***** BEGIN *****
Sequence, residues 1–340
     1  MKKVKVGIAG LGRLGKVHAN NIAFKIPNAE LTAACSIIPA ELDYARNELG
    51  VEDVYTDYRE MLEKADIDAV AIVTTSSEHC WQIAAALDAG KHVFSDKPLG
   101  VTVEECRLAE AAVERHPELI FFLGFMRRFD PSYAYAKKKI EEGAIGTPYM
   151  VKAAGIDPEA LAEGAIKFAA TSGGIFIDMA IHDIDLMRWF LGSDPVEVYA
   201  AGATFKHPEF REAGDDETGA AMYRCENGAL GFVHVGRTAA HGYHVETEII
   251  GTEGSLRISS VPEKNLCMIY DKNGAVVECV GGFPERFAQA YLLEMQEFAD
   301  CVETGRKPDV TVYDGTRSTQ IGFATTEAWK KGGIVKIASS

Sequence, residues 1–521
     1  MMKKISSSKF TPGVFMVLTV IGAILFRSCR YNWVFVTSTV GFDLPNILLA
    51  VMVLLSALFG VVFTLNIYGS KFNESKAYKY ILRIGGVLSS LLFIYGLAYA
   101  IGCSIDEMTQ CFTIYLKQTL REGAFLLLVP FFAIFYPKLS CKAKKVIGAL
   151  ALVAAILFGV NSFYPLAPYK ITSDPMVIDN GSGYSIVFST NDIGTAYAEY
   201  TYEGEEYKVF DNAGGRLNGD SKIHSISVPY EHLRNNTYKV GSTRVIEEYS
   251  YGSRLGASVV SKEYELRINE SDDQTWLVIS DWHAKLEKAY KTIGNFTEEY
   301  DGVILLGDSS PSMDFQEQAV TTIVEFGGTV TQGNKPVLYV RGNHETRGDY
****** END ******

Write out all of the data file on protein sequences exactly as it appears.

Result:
Sequence, residues 1–340
     1  MKKVKVGIAG LGRLGKVHAN NIAFKIPNAE LTAACSIIPA ELDYARNELG
    51  VEDVYTDYRE MLEKADIDAV AIVTTSSEHC WQIAAALDAG KHVFSDKPLG
   101  VTVEECRLAE AAVERHPELI FFLGFMRRFD PSYAYAKKKI EEGAIGTPYM
   151  VKAAGIDPEA LAEGAIKFAA TSGGIFIDMA IHDIDLMRWF LGSDPVEVYA
   201  AGATFKHPEF REAGDDETGA AMYRCENGAL GFVHVGRTAA HGYHVETEII
   251  GTEGSLRISS VPEKNLCMIY DKNGAVVECV GGFPERFAQA YLLEMQEFAD
   301  CVETGRKPDV TVYDGTRSTQ IGFATTEAWK KGGIVKIASS

Sequence, residues 1–521
     1  MMKKISSSKF TPGVFMVLTV IGAILFRSCR YNWVFVTSTV GFDLPNILLA
    51  VMVLLSALFG VVFTLNIYGS KFNESKAYKY ILRIGGVLSS LLFIYGLAYA
   101  IGCSIDEMTQ CFTIYLKQTL REGAFLLLVP FFAIFYPKLS CKAKKVIGAL
   151  ALVAAILFGV NSFYPLAPYK ITSDPMVIDN GSGYSIVFST NDIGTAYAEY
   201  TYEGEEYKVF DNAGGRLNGD SKIHSISVPY EHLRNNTYKV GSTRVIEEYS
   251  YGSRLGASVV SKEYELRINE SDDQTWLVIS DWHAKLEKAY KTIGNFTEEY
   301  DGVILLGDSS PSMDFQEQAV TTIVEFGGTV TQGNKPVLYV RGNHETRGDY